Gambling is the act of betting or staking of something of value on a chance or random event with the intent of winning something of greater value. In order for this to occur, the bettor must consider both the risk and the potential gain of making the bet.
If you are gambling more than you can afford to lose, it may be time for a change in your behavior. Set a budget and stick to it when you are playing casino games, slot machines, or poker.
Avoid triggers that are known to stoke the urge to gamble. For example, if you see a casino when driving home after work or are watching sports and start to feel the temptation, turn around or take an alternative route.
Talk to someone you trust about your gambling problems. Whether it is a family member, friend or a professional counselor, admitting your problem to someone else will help you address it and make it easier to stop.
Keep your thoughts of gambling in check by learning to relieve unpleasant emotions and boredom in healthier ways. Exercising, socializing with friends who don’t gamble, taking up a new hobby or practicing relaxation techniques are all effective strategies for self-soothing unpleasant feelings.
Ensure you have time and money for what is important to you in your life. Getting out of the house and having a fulfilling, rewarding activity can go a long way in helping you feel better about yourself, your situation, and your life.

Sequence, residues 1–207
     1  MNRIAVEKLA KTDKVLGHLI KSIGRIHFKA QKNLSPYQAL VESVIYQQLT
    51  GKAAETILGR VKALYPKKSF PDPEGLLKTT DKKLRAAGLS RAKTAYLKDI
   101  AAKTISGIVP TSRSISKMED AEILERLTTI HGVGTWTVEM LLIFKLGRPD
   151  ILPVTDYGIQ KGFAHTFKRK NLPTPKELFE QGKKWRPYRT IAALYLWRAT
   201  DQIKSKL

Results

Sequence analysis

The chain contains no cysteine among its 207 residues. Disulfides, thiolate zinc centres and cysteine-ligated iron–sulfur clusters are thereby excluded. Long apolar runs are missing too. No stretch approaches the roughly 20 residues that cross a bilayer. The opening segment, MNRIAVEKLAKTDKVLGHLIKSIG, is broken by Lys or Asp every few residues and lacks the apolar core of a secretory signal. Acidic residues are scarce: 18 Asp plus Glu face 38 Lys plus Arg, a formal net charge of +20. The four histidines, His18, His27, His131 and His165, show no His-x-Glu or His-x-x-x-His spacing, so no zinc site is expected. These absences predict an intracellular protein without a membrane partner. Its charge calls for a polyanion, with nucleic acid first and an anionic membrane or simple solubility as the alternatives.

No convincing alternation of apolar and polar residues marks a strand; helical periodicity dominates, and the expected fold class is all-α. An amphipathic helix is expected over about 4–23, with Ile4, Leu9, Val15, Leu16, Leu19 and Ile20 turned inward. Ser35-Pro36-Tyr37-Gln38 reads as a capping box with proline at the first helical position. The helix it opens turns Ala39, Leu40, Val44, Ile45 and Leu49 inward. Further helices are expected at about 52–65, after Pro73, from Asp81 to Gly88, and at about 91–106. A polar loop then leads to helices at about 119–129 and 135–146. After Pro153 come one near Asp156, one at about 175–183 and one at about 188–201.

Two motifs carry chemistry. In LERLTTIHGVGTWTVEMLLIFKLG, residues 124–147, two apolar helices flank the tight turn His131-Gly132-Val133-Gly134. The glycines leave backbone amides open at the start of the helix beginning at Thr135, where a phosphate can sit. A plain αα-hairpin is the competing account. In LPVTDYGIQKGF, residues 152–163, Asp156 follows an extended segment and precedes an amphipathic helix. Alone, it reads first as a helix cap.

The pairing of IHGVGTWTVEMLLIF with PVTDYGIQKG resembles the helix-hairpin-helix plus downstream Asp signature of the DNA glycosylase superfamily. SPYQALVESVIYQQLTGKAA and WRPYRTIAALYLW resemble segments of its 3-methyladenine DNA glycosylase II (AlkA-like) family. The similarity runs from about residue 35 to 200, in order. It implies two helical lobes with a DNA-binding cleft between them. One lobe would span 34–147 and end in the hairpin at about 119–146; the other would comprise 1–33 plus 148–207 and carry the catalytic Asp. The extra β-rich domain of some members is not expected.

If you are struggling with a gambling addiction, get professional help as soon as possible to make sure you are able to recover properly. There are many different treatment centers and clinics that can help you cope with your addiction, and a professional will be able to speak to the specific issues that are causing you to feel the need to gamble.
The Behavioral Economics model of the impacts of gambling has three classes of benefits and costs: financial, labor and health, and well-being. These classes can be observed on personal, interpersonal, and societal levels (see Figures 2 and 3).
Individual level benefits are usually nonmonetary in nature, including changes in the gambler’s lifestyle, such as increased spending, impulsive purchases, alcohol consumption, and decreased work productivity. Other impacts include social harms such as changes in the gambler’s relationship with his or her significant other or family members, and loss of control.
Societal level costs are mostly monetary, although some of these impacts are invisible and can be difficult to assess. They include general costs of gambling, costs related to problem gambling and long-term cost/benefits.
It is vital to recognize that gambling affects all aspects of the lives of people who engage in it, and these effects are often unrecognized and ignored by policymakers. Therefore, it is essential to address the social impacts of gambling in a comprehensive manner, and to consider broader consequences of gambling on public services, the economy, and the society as a whole.